Malta Grey listed by FATF: Market Insider’s View on How it Will Impact Country’s Financial Services Sector


Malta has become the first European country in recent history to be grey listed by the FATF for insufficient AML enforcement. Marius Galdikas, CEO at ConnectPay, has shared his views on the effects this could have on the Maltese financial services sector and the economy as a whole.

Recently the Financial Action Task Force (FATF), a global organization established to combat anti-money laundering, added Malta to its list of Jurisdictions Under Increased Monitoring, otherwise known as the “grey-list”, for alleged AML policy violations. Marius Galdikas, CEO at ConnectPay, a provider of online banking services, stated that this may pose serious economic consequences for the country and its residents.

Malta first came under the radar of the FATF in July 2019, when Moneyval, the EU regional monitoring body, announced that the country had failed a routine review. giving 12 months to address AML shortcomings identified in the report. Although Malta had passed the Moneyval assessment earlier this year, in June 2021, the FATF countered the previously favorable verdict by grey listing the country along with three other erring countries: Haiti, South Sudan, and the Philippines.

Maltese FIs have been under pressure from regulatory authorities due to a variety of industries —usually deemed higher-risk—thriving in the country, e.g. gaming, which in 2019 contributed 1.56 billion euros to the country’s economy. However, according to M. Galdikas, historically Malta has been meticulous in adhering to a high level of compliance, noting that current situation does not fully reflect upon all the work that has been put into ensuring robust compliance policies in the country.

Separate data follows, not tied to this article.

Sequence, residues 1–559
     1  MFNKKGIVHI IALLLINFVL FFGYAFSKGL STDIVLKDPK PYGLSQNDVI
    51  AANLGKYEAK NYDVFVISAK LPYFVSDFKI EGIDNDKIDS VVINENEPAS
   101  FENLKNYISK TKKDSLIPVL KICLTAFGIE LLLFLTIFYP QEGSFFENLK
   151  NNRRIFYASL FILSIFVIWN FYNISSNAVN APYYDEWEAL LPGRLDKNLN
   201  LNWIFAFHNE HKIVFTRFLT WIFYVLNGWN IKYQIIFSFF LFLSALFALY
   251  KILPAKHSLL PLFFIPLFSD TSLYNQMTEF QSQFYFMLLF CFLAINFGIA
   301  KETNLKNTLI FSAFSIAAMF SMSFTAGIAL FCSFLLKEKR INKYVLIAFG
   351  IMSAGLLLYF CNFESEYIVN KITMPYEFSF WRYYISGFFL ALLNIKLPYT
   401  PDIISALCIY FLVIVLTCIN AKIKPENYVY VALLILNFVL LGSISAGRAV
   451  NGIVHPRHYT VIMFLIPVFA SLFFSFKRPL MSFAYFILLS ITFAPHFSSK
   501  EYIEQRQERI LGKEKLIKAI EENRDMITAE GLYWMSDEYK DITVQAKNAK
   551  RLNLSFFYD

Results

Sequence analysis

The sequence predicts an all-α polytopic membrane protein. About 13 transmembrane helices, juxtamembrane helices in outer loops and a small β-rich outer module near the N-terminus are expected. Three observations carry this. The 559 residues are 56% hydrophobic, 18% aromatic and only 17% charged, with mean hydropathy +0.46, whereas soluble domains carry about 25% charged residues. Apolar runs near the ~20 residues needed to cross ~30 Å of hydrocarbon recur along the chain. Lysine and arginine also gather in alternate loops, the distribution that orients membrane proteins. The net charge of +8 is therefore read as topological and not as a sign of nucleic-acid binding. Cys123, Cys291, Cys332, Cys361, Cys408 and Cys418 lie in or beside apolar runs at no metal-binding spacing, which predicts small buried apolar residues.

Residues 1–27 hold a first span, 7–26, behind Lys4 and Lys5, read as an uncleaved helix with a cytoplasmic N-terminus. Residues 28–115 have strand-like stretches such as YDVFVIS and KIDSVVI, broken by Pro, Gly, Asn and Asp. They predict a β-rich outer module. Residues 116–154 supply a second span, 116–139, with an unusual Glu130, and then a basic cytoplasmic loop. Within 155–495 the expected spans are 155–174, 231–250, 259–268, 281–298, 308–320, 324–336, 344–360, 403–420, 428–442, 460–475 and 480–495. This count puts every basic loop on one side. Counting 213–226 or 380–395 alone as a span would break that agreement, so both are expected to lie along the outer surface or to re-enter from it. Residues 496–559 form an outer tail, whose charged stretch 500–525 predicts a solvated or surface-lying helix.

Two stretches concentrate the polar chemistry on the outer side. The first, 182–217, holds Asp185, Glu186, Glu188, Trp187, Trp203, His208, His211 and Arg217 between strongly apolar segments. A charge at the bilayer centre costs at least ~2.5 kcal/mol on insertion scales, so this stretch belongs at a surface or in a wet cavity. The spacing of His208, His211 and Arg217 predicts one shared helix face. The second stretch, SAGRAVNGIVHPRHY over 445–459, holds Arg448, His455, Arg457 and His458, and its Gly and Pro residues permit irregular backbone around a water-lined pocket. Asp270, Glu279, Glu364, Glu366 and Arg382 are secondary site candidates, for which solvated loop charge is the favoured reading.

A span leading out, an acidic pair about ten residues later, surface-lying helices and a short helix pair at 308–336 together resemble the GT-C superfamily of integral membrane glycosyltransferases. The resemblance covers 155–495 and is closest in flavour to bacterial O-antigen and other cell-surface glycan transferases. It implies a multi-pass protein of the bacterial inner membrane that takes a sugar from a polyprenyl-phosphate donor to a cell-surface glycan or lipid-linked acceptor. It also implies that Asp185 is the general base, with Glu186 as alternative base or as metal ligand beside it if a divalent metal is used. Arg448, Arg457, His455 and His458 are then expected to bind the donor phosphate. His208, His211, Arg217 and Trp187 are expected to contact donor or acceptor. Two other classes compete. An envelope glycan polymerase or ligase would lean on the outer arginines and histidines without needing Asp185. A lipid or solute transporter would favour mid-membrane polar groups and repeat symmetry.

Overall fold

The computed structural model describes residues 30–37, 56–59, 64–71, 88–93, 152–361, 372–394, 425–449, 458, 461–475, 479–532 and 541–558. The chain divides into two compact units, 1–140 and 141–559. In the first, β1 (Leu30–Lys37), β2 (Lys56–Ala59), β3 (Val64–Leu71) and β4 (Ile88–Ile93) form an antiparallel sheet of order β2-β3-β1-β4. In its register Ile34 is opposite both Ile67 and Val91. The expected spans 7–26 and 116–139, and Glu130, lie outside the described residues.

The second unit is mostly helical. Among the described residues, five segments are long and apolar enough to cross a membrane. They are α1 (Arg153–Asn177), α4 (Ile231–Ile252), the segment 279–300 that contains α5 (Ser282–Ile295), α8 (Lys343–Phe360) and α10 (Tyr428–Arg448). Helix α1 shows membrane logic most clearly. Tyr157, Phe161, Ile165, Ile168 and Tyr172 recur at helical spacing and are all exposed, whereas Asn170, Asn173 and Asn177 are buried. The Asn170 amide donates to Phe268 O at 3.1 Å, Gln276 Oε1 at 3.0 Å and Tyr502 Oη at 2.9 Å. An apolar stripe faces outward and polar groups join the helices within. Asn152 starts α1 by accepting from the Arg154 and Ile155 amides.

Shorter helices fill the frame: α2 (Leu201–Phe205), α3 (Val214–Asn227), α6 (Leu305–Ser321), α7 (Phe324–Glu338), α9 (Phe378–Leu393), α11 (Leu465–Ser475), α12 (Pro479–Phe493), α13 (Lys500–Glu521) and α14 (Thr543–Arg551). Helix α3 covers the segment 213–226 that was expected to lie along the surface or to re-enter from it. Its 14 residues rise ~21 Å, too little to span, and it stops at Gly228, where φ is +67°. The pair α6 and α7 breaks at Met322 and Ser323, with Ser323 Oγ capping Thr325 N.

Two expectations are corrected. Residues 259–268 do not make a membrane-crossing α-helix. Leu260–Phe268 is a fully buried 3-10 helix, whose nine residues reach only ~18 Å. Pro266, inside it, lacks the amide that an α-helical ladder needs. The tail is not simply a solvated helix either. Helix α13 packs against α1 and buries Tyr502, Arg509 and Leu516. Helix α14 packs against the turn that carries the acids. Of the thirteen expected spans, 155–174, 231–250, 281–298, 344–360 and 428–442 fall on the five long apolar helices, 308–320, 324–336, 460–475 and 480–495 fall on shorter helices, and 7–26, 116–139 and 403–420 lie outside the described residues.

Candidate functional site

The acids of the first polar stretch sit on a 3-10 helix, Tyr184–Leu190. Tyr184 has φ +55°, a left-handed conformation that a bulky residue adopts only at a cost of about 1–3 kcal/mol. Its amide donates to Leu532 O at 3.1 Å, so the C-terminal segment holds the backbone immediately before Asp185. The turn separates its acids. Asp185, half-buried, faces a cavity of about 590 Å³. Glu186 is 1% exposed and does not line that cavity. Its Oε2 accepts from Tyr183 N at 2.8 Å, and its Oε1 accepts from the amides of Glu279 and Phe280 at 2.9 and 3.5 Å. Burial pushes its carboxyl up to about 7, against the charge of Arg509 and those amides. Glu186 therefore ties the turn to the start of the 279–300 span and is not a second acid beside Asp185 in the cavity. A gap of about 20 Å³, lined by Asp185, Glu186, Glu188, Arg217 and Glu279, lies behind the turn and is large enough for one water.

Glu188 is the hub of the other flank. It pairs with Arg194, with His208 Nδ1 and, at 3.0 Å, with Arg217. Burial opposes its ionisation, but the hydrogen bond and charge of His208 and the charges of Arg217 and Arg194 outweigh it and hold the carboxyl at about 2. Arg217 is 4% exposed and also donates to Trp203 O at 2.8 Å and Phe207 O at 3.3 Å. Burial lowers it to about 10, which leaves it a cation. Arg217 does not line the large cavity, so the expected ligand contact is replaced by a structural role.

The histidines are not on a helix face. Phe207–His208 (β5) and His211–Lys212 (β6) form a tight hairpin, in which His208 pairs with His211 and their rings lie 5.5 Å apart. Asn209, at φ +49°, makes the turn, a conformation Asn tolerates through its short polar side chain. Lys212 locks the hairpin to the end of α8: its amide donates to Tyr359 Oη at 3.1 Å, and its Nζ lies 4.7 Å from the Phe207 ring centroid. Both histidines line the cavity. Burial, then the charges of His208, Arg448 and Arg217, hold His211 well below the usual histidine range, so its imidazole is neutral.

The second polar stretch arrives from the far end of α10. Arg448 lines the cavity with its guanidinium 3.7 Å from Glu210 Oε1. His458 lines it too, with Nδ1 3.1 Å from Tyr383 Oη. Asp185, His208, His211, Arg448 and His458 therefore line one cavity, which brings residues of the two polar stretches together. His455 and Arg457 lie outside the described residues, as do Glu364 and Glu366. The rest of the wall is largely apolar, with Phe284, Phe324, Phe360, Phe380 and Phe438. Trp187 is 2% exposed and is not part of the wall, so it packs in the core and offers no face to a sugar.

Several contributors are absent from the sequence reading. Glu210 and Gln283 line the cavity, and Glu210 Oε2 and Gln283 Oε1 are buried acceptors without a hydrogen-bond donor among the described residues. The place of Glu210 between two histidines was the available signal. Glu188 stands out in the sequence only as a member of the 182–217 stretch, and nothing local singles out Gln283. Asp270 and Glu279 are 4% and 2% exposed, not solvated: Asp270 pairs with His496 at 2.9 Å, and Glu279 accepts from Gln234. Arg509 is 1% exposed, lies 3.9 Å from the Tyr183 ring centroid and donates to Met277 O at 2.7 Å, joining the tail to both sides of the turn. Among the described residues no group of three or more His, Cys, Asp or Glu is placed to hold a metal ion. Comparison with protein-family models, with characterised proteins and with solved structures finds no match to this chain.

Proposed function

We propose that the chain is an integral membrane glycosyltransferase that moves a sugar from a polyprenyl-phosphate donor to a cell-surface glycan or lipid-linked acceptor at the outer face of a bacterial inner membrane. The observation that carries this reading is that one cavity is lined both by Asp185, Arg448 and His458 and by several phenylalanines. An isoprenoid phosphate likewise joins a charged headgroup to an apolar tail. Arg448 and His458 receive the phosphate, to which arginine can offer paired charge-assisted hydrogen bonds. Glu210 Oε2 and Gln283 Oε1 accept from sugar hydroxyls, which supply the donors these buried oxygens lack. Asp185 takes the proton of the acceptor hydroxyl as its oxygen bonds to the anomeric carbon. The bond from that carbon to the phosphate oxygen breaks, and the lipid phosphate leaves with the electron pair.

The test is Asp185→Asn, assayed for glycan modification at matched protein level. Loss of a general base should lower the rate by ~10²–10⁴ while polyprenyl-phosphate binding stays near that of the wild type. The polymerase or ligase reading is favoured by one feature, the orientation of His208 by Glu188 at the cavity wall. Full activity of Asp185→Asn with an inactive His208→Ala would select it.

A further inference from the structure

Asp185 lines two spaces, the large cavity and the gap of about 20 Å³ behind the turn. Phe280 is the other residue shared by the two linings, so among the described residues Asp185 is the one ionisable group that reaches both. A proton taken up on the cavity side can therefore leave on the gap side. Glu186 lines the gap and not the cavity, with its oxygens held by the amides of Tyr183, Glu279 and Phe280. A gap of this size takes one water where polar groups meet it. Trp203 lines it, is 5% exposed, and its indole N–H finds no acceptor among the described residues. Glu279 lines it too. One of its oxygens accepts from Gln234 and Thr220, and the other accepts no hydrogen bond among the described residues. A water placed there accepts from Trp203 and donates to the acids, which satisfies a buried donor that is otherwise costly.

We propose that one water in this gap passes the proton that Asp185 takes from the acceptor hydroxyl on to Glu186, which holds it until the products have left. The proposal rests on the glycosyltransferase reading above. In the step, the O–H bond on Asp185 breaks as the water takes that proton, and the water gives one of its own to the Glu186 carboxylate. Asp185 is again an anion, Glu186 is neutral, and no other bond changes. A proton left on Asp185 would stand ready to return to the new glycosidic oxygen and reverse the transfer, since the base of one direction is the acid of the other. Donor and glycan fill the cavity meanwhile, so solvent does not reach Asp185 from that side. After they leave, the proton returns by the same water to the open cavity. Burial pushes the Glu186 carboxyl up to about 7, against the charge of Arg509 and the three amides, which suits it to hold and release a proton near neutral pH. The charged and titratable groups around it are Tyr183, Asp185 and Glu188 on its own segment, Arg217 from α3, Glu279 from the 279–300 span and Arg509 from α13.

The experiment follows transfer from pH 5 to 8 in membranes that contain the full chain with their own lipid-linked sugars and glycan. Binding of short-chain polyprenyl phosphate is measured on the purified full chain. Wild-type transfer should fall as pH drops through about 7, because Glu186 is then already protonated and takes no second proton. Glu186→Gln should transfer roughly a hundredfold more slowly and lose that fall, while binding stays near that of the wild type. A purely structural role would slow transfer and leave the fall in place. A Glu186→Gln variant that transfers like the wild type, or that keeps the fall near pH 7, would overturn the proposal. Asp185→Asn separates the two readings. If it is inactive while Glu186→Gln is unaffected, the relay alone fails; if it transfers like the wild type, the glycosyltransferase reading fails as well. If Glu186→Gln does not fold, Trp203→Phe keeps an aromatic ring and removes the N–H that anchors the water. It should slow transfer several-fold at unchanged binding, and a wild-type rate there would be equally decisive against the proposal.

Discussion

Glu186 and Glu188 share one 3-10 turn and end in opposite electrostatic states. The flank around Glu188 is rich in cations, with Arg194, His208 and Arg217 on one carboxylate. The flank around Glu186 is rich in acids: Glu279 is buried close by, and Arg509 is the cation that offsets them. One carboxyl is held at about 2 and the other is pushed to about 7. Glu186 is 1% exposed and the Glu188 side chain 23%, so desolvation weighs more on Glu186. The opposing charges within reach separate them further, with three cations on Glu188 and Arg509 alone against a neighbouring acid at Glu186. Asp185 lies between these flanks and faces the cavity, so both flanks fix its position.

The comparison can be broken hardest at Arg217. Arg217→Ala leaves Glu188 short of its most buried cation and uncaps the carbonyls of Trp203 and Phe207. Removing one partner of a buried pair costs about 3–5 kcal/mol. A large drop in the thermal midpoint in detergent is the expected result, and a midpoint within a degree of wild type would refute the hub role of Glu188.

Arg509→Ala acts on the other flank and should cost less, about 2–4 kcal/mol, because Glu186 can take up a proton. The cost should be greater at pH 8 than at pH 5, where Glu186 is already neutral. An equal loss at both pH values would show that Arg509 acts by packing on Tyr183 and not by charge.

“Malta has been significantly improving it’s money laundering prevention regulations in the past few years. The country has been practicing additional regulatory scrutiny by various authorities as well. A good example of this could be the Malta Gaming Authority, which was established in order to provide an extra layer of security for its booming gaming sector. The MGA is still considered one of the top gaming regulators in the world,” he commented. “Considering what has been done to set up a solid compliance framework, the decision to grey-list Malta seems rather swift.”

While the decision means that the country will be subject to additional scrutiny and monitoring by FATF, the repercussions could have much larger implications, as businesses established in the country might face backlash from the traditional financial institutions (FIs). 

“Seeking to de-risk their portfolio and avoid potential fines, some FIs may be inclined to terminate certain accounts associated with the ambiguous sectors. Leaving businesses high and dry could force companies to leave the country altogether, which would deliver a serious blow to its economy,” Galdikas explained.

Galdikas, who has had the opportunity to work with a number of prominent clients in Malta, outlined the importance for FIs to avoid inadvertent decisions and evaluate each company on a case-by-case basis and not paint the entire country with the same brush.

“If a company meets the required due diligence, it should not be cut off regardless of the industry, as mitigating regulatory risks are inherently the FIs’ responsibility,” Galdikas noted. “That’s why we continuously invest in maintaining a top-level compliance team to support businesses operating in highly demanding environments regulation-wise, and will continue to collaborate with Malta-based companies as well.”

“We take the added risks and exercise precaution because we know that despite the complexities we deal with – our clients work as diligently with us as we do for them,” he concluded.

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